Bringing the truths of Skid Row to the masses

Posted by · 7:26 pm · May 3rd, 2008

The LA Times’ Steve Lopez is enjoying plenty of publicity this month for his latest book release, “The Soloist: A Lost Dream, an Unlikely Friendship and the Redemptive Power of Music.” The book was drawn from a series of articles Lopez published three years ago in his “Points West” column in the Times about a Juliard-trained, homeless musician: Nathaniel Ayers.

The story was cleverly recounted with amusing detail by Lopez at a book reading in Pasadena last month, which was when I first discovered that the film adaptation (releasing later this year and starring Jamie Foxx and Robert Downey Jr.) might actually do some good in forwarding the issue of mental disorder in the U.S., a stigmatized subject that deserves more focus.

Lopez and “The Soloist” are featured on newsstands this week as Dana Goodyear writes the story and the issue up as a “Letter from Los Angeles” in the pages of The New Yorker. And I’m happy to see that the film may actually take these issues seriously, rather than setting them aside in favor of what would obviously be a heart-warming story.

Here’s a look at the abstract (I wish the full article was online, but it’s the May 5 issue for those interested):

Since the nineteen-eighties, L.A. has been known as the country’s homeless capital. Skid Row, a fifty-block area covering less than a square mile between the L.A. River and the office towers of downtown, has the city’s highest concentration of homeless people. A January, 2007, street count showed that there were just over five thousand homeless people living in the area, thirty-three hundred of them in shelters and nearly eighteen hundred on the street. Many suffer from mental illnesses, drug addiction, or both. Thousands are in recovery.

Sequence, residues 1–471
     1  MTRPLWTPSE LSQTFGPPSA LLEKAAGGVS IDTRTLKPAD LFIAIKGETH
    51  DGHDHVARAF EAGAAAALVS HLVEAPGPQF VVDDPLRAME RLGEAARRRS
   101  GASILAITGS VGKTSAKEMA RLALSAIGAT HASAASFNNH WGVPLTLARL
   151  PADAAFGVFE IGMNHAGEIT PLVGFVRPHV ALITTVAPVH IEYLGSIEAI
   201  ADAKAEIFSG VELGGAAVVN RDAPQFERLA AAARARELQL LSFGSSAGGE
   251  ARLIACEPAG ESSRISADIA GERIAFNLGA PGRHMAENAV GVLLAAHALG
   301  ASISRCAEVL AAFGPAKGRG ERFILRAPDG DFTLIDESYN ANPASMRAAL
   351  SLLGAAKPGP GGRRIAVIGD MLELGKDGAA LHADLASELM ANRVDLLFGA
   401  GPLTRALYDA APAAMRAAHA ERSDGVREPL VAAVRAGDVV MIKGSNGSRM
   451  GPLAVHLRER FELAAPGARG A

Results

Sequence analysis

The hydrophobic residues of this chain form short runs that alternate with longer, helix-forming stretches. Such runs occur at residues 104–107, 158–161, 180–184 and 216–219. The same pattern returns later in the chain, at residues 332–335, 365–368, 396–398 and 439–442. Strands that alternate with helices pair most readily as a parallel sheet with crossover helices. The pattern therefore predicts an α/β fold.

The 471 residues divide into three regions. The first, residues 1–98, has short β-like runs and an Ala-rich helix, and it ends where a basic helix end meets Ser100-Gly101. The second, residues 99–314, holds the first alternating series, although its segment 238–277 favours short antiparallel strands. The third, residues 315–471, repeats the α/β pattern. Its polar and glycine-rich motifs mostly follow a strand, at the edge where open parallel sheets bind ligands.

Joe Wright, the British director of the new Ayers film, decided to take the job on one condition: that the film be made with real people from Skid Row…Open casting calls for extras in the movie were held on San Julian Street, and hundreds of people turned up. Two miles east of the real San Julian Street, a set was built. The Skid Row cast members were asked to play recognizable street types. Some days there were four hundred extras on the set, the vast majority of them from Skid Row.

“The humanness of the story has given people a rooting interest in Nathaniel’s life, and to that extent it has destigmatized homelessness,” Lopez said. “But Nathaniel pays a heavier price. He has to deal with the attention.”

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